British rock icon Eric Clapton has said he will not perform in venues that require spectators to be vaccinated against Covid-19.
The British Prime Minister Boris Johnson said such proof would be needed from September at venues and nightclubs.
Clapton said it did not happenNowhere would there be a "discriminated public ".
His announcement came from the social media accounts of a declared anti-vaccine campaigner.
The guitarist said he felt "the honor" to make the statement, which was released Wednesday on the accounts of Italian architect and film producer Robin Monotti.
In May, Clapton said he suffered a "severe " reaction to the AstraZeneca vaccine.
In a letter to Mr Monotti, he blamed "propaganda " for exaggerating the safety of the vaccine. He added that he was concerned that the "catastrophic" reaction would make him unable to play music again.
Experts stressed that the benefits of the vaccination outweigh the risks to the vast majority of people. Some people have mild to moderate symptoms after being vaccinated.
There is a very rare blood clot side effect that is believed to be related to the AstraZeneca vaccine, but AgeEuropean Medicines nce always recommends injections for all ages.
The next show British Clapton Show is scheduled for May 2022 at London 's Royal Albert Hall. The site said people may be asked to show their Covid status ahead of an event.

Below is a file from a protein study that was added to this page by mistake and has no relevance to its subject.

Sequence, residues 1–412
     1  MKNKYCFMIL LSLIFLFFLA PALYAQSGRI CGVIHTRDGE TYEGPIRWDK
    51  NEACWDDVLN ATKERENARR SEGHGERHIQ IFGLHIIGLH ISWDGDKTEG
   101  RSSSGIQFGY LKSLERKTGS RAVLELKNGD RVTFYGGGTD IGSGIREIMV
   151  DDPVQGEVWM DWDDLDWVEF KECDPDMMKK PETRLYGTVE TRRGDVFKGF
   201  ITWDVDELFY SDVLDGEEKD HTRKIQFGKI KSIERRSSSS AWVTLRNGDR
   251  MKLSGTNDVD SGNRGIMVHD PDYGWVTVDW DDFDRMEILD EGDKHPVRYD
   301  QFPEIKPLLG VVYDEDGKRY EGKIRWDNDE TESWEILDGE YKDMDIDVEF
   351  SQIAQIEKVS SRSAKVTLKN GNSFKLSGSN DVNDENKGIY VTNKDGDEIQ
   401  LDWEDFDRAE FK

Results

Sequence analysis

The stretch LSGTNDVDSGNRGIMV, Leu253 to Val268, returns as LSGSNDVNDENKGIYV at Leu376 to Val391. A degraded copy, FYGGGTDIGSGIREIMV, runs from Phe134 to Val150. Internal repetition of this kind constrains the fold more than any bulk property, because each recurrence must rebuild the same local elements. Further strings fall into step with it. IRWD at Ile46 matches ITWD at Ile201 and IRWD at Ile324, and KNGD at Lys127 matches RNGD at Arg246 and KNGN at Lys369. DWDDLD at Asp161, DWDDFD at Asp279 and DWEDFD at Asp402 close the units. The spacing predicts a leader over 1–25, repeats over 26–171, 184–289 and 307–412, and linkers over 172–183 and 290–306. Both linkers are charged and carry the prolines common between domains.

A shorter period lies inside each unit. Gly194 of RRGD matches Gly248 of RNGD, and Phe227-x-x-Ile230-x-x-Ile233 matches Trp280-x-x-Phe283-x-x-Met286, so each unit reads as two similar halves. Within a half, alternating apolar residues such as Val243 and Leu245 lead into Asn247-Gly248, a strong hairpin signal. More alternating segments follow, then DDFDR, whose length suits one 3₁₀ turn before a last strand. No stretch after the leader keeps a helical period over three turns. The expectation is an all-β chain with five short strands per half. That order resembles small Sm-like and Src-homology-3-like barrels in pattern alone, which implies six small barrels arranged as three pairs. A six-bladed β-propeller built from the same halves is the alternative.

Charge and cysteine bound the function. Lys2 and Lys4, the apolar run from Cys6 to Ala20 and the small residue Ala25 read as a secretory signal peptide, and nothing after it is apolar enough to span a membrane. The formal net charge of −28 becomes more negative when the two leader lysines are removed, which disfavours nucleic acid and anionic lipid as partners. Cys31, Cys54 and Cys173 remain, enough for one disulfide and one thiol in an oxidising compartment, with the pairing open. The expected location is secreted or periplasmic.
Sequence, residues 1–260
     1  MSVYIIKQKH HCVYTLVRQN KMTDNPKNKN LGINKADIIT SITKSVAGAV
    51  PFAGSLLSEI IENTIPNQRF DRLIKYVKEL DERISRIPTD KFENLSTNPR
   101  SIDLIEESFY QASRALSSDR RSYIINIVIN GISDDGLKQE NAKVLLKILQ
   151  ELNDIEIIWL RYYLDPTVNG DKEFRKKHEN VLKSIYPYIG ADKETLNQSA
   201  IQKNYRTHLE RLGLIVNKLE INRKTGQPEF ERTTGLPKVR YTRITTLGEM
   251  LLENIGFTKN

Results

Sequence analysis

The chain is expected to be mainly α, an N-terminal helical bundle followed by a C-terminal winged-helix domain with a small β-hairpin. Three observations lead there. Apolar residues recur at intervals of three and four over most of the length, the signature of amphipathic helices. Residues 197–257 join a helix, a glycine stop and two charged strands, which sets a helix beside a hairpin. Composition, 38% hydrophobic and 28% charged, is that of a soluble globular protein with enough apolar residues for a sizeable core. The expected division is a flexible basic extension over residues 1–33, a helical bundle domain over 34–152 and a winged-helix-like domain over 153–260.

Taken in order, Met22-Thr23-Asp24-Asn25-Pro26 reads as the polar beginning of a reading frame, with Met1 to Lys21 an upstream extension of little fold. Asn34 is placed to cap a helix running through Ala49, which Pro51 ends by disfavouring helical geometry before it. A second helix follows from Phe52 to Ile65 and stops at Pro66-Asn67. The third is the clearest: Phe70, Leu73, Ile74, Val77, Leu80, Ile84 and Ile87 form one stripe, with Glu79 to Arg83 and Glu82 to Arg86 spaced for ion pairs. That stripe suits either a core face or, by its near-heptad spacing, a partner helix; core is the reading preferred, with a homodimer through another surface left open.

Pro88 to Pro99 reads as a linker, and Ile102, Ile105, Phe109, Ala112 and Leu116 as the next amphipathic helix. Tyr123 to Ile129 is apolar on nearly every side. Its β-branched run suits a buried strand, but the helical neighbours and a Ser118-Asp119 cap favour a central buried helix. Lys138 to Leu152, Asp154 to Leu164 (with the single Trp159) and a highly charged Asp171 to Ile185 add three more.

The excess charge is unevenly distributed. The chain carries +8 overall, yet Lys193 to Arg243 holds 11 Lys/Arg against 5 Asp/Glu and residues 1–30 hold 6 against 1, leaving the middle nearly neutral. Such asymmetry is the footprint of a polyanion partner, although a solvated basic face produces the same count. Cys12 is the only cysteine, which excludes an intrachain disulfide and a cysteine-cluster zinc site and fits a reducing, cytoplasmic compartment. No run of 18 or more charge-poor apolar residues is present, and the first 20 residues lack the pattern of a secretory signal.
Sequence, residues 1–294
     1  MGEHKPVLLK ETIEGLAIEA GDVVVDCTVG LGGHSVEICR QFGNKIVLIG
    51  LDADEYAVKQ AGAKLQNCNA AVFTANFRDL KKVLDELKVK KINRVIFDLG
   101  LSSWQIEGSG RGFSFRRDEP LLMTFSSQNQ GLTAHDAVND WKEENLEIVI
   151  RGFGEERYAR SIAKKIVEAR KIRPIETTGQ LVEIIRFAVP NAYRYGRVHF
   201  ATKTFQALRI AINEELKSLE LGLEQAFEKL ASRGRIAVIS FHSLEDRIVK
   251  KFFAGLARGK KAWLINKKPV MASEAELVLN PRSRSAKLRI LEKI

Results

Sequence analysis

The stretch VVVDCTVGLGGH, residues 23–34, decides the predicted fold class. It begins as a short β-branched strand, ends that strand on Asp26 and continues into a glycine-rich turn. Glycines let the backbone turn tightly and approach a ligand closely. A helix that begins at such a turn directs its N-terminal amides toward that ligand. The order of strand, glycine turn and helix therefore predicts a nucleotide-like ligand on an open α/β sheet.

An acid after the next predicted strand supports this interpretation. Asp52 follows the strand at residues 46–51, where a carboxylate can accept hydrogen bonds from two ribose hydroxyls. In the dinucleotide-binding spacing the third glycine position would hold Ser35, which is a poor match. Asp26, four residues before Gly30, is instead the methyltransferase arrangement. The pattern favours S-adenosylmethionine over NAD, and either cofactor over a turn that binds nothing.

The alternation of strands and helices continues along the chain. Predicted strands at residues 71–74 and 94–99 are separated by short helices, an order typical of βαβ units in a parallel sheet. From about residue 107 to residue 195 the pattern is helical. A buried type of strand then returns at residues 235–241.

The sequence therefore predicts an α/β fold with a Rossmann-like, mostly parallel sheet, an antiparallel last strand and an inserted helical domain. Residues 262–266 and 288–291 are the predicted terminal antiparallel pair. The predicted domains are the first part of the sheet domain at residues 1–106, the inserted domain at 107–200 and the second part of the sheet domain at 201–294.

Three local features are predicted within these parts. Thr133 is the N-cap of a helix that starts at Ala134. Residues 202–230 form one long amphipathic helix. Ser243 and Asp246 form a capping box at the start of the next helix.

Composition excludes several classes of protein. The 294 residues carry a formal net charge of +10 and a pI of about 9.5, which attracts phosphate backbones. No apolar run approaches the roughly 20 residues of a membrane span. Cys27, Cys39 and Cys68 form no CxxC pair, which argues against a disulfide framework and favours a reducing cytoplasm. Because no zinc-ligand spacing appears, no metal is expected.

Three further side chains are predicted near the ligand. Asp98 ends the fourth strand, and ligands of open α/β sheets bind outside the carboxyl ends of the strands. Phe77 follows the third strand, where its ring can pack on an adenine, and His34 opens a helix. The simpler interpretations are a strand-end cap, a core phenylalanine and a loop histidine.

Clapton also has eight U.S. concerts scheduled for September this year. Immunization proof is currently not required in most concert halls in the United States.
This is not the Clapton took a stand for the first time on Covid measures: he appeared on North Irish singer Van Morrison's anti-containment song "Stand and Deliver " in December.
The song was one of Van Morrison 's three songs in protest against the lock measuresllage.
Anglo-Sri Lankan singer MIA also made headlines in April 2020 after saying she'd rather "choose death " than a vaccine. She then clarified what she said to say that she was "not against vaccines " but "against companies that care more about profit than humans ".
A Recent Imperial College London survey of 15 countries found that worries about side effects and testing are the main reasons for hesitating to get vaccinated.
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